Evelyn MacKenzie, children’s nurse, care home worker and B & B proprietor has died aged 87.
Born in Kildrummy on October 28, 1933, she would spend her life in the service of others.
Following in the footsteps of her mother Laura, who was a nurse prior to marrying sawmill operative Robert Bruce, Evelyn – better known as Evie – would go on to train in paediatric nursing.
One of nine children, she would also be shaped by a bustling home life.
Though her sister Muriel died in infancy, Evelyn grew up with brothers Robert, Bruce, George and Alan and sisters Charlotte, Bertha and Dorothea.
Kildrummy Primary and Alford Academy provided her formative education before she began her career at Aberdeen Sick Children’s hospital.
Age 21, in 1954, her general nursing training began in Inverness where she had placements in multiple Highland hospitals and developed her passion for caring for others.
Stepping into marriage
A dance hall in Drumnadrochit would be where she would meet her other great love, Donald ‘Donnie’ MacKenzie.
In 1954, Donnie – who turned 90 in May – was a mechanic and out with friends when he met the young Evelyn.
Daughter Lynn Stockall said: “I couldn’t be certain if it was love at first sight but they certainly had some romantic moments.”
None more so than the couple’s engagement.
In 1955, having persuaded her to climb the 287 steps of the Scott Monument in Edinburgh, Donnie popped the question at the top then whisked her off to buy a ring in the capital city.
The pair wed in 1957.
Evie and Donnie went on to have one daughter, Lynn Stockall, who was born in 1963.
Lynn is married to Fraser and she has two children from her first marriage, Liam MacDonald, and his partner Eilidh, and Janis MacDonald, who married Matty Wojtunik just last weekend.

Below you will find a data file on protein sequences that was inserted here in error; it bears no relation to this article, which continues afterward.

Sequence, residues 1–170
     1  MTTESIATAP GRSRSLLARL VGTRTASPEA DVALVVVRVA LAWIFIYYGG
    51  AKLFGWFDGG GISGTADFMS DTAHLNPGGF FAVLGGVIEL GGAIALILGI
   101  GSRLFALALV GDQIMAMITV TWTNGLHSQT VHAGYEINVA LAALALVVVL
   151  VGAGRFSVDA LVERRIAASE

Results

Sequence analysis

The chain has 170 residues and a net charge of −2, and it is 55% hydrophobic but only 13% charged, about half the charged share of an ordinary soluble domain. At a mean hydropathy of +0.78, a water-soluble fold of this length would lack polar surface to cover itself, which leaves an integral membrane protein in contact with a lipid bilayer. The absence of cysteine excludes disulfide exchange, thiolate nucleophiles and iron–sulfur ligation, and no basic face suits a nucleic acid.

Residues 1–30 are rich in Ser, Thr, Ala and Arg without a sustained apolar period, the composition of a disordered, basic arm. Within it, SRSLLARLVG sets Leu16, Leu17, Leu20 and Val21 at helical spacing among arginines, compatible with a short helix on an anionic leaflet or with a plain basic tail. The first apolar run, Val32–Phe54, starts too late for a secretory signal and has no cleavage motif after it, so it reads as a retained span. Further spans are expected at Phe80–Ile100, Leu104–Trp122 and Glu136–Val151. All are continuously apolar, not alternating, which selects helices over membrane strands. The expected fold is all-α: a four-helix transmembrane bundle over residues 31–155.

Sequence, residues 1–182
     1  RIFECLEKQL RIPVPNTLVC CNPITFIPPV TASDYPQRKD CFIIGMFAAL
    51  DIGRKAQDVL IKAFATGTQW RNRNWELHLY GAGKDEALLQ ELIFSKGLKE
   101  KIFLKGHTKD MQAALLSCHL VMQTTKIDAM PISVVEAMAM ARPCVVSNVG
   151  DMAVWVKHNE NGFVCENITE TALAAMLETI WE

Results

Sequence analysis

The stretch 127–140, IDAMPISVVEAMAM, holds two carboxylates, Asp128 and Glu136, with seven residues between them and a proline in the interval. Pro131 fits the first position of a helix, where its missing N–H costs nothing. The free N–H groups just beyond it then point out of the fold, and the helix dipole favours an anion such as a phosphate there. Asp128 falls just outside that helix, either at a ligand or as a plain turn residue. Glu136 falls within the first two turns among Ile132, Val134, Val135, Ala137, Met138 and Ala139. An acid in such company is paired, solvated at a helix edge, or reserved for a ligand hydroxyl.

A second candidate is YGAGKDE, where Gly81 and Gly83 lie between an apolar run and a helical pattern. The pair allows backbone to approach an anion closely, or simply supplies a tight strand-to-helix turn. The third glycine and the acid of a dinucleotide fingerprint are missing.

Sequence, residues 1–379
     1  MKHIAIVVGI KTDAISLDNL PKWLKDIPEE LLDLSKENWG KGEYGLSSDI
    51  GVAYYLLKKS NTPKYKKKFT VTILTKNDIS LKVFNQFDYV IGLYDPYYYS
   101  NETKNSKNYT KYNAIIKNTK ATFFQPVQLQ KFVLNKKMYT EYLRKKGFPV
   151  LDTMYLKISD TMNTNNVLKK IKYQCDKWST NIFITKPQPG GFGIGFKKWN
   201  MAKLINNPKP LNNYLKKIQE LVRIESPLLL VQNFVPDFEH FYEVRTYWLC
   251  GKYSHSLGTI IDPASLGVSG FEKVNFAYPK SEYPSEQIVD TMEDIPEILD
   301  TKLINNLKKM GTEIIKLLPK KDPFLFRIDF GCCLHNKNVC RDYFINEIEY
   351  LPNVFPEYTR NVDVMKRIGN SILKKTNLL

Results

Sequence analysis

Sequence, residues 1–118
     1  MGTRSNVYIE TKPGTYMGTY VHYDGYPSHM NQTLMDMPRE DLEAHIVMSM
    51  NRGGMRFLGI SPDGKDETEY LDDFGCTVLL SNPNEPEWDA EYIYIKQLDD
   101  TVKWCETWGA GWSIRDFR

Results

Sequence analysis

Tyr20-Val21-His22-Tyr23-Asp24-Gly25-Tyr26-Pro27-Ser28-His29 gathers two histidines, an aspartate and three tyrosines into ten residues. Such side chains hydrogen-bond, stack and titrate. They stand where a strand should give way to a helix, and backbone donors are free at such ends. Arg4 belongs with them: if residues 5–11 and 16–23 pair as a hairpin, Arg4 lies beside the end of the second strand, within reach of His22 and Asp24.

Sadly, Evelyn wasn’t there to celebrate Janis’ wedding.
“It was bitter sweet,” said Lynn. “My mum’s whole life circled around looking after and loving the people close to her. She was a miss, that’s for sure.”
Bed baths to ‘bed and breakfast’
Working in Raigmore Hospital, Evelyn would continue paediatric nursing into her 40s before finishing her time as a nurse in the York Ward – later called Colter’s Ward – of the Royal Northern Infirmary of Inverness.
When Lynn was a child Evelyn also did shifts at Belle Vue nursing home but she really came into her own when she and Donnie, who was still working in the world of motors – although now in sales, would buy a large house on Kenneth Street, Inverness with ambitions of running a small guest house.
“She absolutely loved the ‘B and B’,” said Lynn.
“She prided herself on good, traditional hospitality.”
And traditional it certainly was.
The Whins, while becoming incredibly popular with loyal guests who formed friendships with the MacKenzies and returned time and again, would by modern standards come as quite a surprise to guests how the establishment was run.
“She wouldn’t give out keys,” Lynn said. “‘This is my home and if people want to stay here they won’t need a key’, she’d say. And they must have liked it because firm friendships were built between mum and her guests, some even came to her funeral.”
A lady of routine
Known for her cooked breakfasts, Evie would run a tight ship, relying on a strict routine to manage family and work life.
“Every day was planned with a kind of military precision. She could come across as firm and even a bit stern but really this was the exterior to what was going on inside: a drive to look after people as well as she possibly could.”
When not kept busy with the guest house Evelyn’s hobbies included walking – always choosing ‘on foot’ rather than by bus or car, shopping for bargains, baking, knitting and sewing.
She was also an avid fan of Countdown, watching it daily if her busy routine allowed.
Evelyn was a member of East Church, Church of Scotland, Inverness.
A service celebrating her life took place at John Fraser and Son, funeral home, Inverness.